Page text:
Massive protests mark Modi’s visit to Silicon Valley
Diverse communities join hands to counter the Modi PR machine
September 27, 2015
San Jose, CA: September 27, 2015: Passionate crowds of protesters greeted Indian Prime Minister Narendra Modi with loud slogans and a sea of placards upon his arrival at San Jose’s SAP Center for a stage-managed Silicon Valley “community reception.” The posters, chants, and surprise banner drop challenged the Modi PR team’s attempts to whitewash the controversial politician’s record. The protest was the culmination of a month-long campaign to educate Silicon Valley leaders and elected officials about Modi’s troubling human rights record.
The Indian American community is sharply split on Modi’s performance during his first year in office, and that was obvious in the huge crowds of protesters filling up the designated protest zones and sidewalks in front of the SAP Center. As reported local channel KPIX5, Police sources estimated the number of protesters around 3,000. In addition to the Alliance for Justice and Accountability (AJA), a large progressive umbrella group, other groups also gathered in front of the SAP Center—most notably the Sikh community that showed up in large numbers.
“We were pleasantly surprised by the turnout, which was much higher than we anticipated,” said Bhajan Singh, a community leader with the AJA. People came from cities as far away as Los Angeles. The numbers are a testament to the strong feelings that Modi evokes because of his poor record on religious rights, women’s rights, caste, digital freedom, LGBTQ equality, and environmental justice.”
Protesters enacted a “die in” to dramatize the attacks against Muslims, Christians, Dalits, women, and other communities that are occurring with increasing frequency under the Modi administration. As in India, Modi die-hards threatened and attacked protesters, including Dalit and LGBTQ Indians, leaving them shaken.
Local Politicians Not Impressed
Congresswoman Zoe Lofgren, in whose district the event took place, chose not to attend. Congressman Honda, who has the largest number of Indian American constituents, issued a statement stating that he is “well aware of the controversy that surrounds Prime Minister Modi’s visit…I will neither overlook nor forget my duty to be a strong advocate for human rights.” Ro Khanna, who is running against Honda, issued a statement saying the US-India partnership “must be rooted in a respect for civic dissent, for human rights, for a robust public square that engages NGOs, and for religious tolerance and liberty.” AJA ran an outreach campaign to local elected officials, educating them on Modi’s failed civil rights record; many subsequently declined the Modi invite.
Speakers representing the wide variety of groups in the alliance addressed the gathering and the media. They recounted the repeated and increasing violence visited upon India’s most vulnerable communities by Modi’s government and his supporters.
Said Virali Modi-Parekh, “Modi talks about Digital India, while ignoring millions of Digital Indians demanding an end to Internet censorship, restrictions on online privacy, and arrests of social media users.” Added Neil Tangri, “Since 2014, the Modi government has tried to shut down Indian civil society organizations, including targeting frontline groups, cracking down thousands of NGOs like Greenpeace India and the Sierra Club, and intimidating journalists who expose inconvenient facts.”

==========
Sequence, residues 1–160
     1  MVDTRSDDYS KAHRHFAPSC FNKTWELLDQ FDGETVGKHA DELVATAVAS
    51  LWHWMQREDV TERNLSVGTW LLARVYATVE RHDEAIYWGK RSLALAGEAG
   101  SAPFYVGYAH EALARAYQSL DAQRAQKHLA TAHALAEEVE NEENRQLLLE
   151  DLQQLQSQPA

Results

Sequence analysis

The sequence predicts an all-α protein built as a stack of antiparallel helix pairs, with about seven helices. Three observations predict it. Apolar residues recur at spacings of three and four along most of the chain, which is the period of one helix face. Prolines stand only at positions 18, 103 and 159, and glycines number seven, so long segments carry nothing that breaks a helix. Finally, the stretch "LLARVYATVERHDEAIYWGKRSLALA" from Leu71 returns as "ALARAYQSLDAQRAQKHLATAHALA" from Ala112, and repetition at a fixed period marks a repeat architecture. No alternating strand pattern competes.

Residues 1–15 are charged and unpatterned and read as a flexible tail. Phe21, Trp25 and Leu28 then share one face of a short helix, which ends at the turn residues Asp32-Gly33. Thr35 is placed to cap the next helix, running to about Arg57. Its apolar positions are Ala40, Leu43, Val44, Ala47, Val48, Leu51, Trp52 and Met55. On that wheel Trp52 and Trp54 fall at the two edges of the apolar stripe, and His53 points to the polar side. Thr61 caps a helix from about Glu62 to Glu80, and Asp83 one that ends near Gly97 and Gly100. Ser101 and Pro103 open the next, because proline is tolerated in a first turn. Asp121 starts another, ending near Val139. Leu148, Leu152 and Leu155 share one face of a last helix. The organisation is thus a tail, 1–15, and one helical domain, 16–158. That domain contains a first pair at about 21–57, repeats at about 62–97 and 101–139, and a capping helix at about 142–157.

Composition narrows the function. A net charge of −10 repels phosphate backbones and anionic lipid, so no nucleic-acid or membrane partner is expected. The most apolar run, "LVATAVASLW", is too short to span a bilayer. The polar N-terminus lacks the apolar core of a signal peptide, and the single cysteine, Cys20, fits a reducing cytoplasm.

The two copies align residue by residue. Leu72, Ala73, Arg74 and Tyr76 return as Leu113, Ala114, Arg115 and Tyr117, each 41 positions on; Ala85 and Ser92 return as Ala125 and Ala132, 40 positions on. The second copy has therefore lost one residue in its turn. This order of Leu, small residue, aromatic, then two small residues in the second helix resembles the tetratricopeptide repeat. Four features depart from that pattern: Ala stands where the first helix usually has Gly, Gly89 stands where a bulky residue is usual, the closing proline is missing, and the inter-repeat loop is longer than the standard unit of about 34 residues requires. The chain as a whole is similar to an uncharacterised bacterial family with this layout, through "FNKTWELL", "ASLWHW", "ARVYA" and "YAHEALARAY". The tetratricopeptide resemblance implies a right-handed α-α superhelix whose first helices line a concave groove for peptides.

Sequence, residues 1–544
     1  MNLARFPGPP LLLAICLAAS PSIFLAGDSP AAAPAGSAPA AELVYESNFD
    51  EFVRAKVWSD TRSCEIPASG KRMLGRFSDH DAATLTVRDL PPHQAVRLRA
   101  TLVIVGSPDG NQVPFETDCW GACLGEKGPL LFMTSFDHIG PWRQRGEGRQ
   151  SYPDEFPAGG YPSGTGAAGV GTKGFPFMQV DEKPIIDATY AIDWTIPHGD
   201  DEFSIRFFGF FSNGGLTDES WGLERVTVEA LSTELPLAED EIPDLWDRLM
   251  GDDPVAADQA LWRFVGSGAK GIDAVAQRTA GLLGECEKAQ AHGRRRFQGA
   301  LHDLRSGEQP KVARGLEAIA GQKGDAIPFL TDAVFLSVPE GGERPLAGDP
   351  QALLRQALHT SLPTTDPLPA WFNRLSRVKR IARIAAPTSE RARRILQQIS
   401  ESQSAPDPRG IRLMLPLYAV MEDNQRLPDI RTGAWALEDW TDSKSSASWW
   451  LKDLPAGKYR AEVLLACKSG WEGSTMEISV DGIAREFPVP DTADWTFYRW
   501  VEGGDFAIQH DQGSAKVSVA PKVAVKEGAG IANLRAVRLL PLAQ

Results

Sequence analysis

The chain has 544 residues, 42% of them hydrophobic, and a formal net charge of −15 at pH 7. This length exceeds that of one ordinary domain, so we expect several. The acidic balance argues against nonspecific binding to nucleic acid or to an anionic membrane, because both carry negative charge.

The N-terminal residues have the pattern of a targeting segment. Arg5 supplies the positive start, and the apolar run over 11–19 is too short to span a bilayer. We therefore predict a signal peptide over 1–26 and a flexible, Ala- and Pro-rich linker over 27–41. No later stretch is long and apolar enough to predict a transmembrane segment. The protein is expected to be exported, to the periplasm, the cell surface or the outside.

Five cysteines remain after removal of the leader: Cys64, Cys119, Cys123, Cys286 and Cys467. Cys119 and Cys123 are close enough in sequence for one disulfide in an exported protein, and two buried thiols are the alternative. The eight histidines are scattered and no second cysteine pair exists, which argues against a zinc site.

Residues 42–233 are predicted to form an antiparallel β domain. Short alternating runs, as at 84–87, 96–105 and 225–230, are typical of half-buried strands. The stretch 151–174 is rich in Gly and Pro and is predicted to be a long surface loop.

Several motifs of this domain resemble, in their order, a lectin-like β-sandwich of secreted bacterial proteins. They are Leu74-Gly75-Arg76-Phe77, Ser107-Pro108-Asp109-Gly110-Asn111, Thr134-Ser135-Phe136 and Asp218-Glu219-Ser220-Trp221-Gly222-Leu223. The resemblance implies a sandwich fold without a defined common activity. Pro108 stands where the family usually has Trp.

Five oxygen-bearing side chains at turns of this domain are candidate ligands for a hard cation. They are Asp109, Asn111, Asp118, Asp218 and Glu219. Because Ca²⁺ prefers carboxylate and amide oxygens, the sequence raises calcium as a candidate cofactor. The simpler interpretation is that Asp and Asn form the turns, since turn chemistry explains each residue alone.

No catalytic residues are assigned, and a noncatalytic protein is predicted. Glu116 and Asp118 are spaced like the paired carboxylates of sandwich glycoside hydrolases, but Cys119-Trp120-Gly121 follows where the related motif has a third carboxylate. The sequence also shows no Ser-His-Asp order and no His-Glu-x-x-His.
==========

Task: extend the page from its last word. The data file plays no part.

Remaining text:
“It’s important to compare Narendra Modi’s words versus his actions,” explained Sabiha Basrai of the Alliance of South Asians Taking Action. “This is a man being praised for tweeting #SelfieWithDaughter, even though he actually slashed funding for the Ministry of Women and Child Development by 50 per cent just months before.” Imam Zaid Shakir said, “Modi was banned from the United States by successive administrations for his egregious human rights violations. Winning an election doesn’t change the facts.”
Protesters held signs, chanted, and connected with communities impacted by Modi’s regressive policies in India via social media. The die-in honored those who have lost their lives due to Modi’s policies, ranging from victims of the Gujarat genocide to the 100,000 Indians who die every year due to the dirty coal expanded by Modi. An actor donned a Modi mask to stage a mock trial, indicting him for his involvement in the pogroms of Gujarat in 2002.
The month-long campaign included some of the following highlights:
The Modi PR team announced to the media that they raised nearly a million dollars from companies wanting to do business in India, in order to whitewash his image with the SAP Center reception. AJA responded by launching a billboard campaign telling the other side of the story. The billboards were linked to the #ModiFail campaign, which highlighted the gap between Prime Minister Modi’s words and his actions.
Zuck, Wash Your Hands!
A week before Modi’s arrival, Silicon Valley residents started mailing packages of Purell hand sanitizer to Mark Zuckerberg, the CEO of Facebook, so he could wash off the stain after shaking hands with Narendra Modi, who was accused by Human Rights Watch of presiding over the killings of about 2,000 Muslims in 2002. Over 250 bottles have already been sent, with more pouring in; each package is dedicated to a named victim of the Gujarat pogroms.
The Alliance for Justice and Accountability (AJA) is an Indian American coalition working to address attacks on Indian communities. We stand up for India’s religious minorities, women, LGBTQ people, marginalized castes, Dalits, and adivasis — as well as everyone who loves a safe and clean environment, free speech, digital freedom, and the right to openly debate and disagree.
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